Fair and transparent NHS payment systems  


  1. Currently, NHS providers – chiefly trusts – are paid through the aligned payment and incentive scheme (API). Introduced in 2020, but due to the pandemic only fully implemented this year, API is a form of block contracting, albeit one with an inbuilt bonus/penalty system for over- or under-performing systems. Currently, under API, a system is allocated a pot of money to fund an agreed level of activity for the financial year. The agreed activity level for 2022/23 is – as a national average – 104% of comparable activity delivered in 2019/20. Individual systems have agreed differing individual targets based on a variety of local and regional factors, including capacity and past performance.


  1. If a system exceeds its agreed activity target for the year, it is paid for the additional activity carried out, at a rate of 75% of the national tariff price for that activity. If a system falls short of its agreed activity target for the year, it is required to pay back funding received for activity not delivered, also at a rate of 75% of national tariff price for that activity.


  1. Independent providers, meanwhile, are largely paid through the national tariff – effectively a payment by results system, where providers are paid at an agreed rate per unit of activity delivered.


  1. This dual system creates a serious conflict with the goal of delivering as much activity as possible. Firstly, NHS systems who do not expect to meet their activity target (the majority of systems) and who are already expecting to be run at a deficit, are unlikely to be incentivised to maximise activity, but rather to protect the finances that they have secured as an insurance against future costs. The marginal rate ‘top-up’ for additional activity is simply not attainable for most systems in 2022/23.


  1. Worse, from the perspective of maximising additional capacity through the independent sector, the API scheme sits in direct conflict with tariff. Where a system has contracted for the use of IS capacity, it will still be obligated to pay for IS activity at 100% of the contracted price even if the system does not hit is overall activity target and so is penalised at 75% of tariff rates. This means that, for systems who are uncertain of hitting their targets, contracting with the IS becomes extremely unattractive, with the possibility that a system would find itself in a position where financial penalties mean it has to make significant savings in one area in order to meet its payment obligations to the ISP.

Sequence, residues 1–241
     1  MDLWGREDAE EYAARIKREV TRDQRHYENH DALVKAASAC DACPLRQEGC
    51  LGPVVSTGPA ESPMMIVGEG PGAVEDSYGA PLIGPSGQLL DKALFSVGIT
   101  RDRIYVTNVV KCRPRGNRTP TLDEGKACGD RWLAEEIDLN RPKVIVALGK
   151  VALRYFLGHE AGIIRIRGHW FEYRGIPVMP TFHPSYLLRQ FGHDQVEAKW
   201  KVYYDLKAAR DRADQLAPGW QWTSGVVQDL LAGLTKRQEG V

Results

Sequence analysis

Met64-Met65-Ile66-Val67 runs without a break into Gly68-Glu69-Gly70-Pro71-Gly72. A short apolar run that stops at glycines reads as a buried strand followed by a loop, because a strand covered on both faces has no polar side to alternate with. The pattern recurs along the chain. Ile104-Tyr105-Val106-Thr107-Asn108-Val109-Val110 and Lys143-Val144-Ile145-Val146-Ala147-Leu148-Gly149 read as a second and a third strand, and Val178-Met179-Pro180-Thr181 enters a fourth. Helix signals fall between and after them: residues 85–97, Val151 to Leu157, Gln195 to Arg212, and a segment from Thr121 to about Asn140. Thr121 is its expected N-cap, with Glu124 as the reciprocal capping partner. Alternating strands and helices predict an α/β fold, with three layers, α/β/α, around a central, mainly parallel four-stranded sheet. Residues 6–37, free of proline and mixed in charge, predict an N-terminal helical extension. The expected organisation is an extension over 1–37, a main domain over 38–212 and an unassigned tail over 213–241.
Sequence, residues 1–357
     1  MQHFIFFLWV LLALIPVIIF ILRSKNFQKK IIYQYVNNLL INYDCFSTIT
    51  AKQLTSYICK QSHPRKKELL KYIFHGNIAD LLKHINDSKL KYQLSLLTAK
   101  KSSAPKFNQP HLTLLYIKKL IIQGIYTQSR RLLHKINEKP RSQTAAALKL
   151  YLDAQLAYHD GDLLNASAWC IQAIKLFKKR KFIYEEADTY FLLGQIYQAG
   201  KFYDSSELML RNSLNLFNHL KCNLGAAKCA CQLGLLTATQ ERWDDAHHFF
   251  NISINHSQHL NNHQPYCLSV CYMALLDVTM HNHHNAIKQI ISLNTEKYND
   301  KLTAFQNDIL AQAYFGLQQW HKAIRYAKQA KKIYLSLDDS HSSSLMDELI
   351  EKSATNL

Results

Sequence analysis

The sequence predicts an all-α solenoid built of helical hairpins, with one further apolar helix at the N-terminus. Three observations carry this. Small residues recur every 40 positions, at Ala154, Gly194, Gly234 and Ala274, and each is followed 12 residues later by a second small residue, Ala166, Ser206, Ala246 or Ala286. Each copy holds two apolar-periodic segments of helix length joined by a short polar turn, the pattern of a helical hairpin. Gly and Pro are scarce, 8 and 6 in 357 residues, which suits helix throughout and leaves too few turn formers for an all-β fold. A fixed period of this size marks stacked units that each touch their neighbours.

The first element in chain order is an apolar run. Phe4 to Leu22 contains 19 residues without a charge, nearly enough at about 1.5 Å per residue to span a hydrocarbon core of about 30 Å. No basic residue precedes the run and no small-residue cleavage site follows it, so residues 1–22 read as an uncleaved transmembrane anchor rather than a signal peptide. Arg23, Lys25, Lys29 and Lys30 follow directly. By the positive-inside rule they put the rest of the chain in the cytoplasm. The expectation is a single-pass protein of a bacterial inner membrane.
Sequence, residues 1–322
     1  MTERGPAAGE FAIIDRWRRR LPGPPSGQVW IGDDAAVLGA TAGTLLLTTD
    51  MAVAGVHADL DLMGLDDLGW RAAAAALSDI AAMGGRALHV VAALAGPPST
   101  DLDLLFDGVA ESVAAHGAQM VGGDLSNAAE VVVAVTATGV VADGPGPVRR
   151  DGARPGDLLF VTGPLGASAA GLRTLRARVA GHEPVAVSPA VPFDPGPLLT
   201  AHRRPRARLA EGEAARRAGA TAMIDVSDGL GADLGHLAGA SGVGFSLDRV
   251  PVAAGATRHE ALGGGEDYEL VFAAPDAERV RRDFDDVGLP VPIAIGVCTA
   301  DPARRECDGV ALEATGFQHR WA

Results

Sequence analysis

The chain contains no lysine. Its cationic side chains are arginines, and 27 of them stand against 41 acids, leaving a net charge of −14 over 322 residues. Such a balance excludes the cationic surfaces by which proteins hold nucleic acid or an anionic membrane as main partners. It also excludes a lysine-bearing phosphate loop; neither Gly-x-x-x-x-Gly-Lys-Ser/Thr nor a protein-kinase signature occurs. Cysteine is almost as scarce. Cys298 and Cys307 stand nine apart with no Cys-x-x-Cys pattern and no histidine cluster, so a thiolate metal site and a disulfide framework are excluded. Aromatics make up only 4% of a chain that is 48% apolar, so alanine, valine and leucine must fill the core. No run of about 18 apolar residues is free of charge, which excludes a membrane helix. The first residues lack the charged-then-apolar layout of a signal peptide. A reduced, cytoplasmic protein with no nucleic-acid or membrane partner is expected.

1. Given that systems are already extremely cautious about the financial settlement – and many are predicted to run with significant deficits – this is further encouraging many systems to see the IS as an unaffordable risk, instead of as a key partner in elective recovery. Feedback from members is clear that many systems would rather protect the funding that they have received and keep it ‘in-house’ – even if that comes at the cost of delivering additional activity through independent sector partners. Our strong view is that the most direct way of mitigating this is a move back towards a system of payment by results for NHS providers on electives.


Stable long-term contracting mechanisms 


  1. Tackling the NHS backlog is likely to take many years to achieve, and it’s therefore vital that sustainable, long-term measures are introduced to ensure the system has enough capacity to meet patient demand in the next decade. 


  1. A significant barrier in realising this aim is the frequently last-minute nature of planning guidance, financial settlements to trusts, and other indicators from NHSE and DHSC to local health systems. Planning guidance and tariffs are routinely published less than 24 hours before they are due to come into effect. This continues to create significant uncertainty for all parts of the healthcare system.


  1. This is affecting not only providers commissioned by the NHS locally, but also independent organisations on the Increasing Capacity Framework, which has been established to help bring in independent capacity and cut waiting lists.


  1. More broadly, however, there remains a significant appetite within the independent health sector to support the NHS over the coming years, including through capital investment for new and remodelled services which can benefit NHS patients. This is likely to be more nimbly deployed than public capital and entail less public sector risk, and could play a significant role in increasing NHS capacity – particularly with regards to cancer treatment and diagnosis – if sustainable, long-term contracting mechanisms are put in place.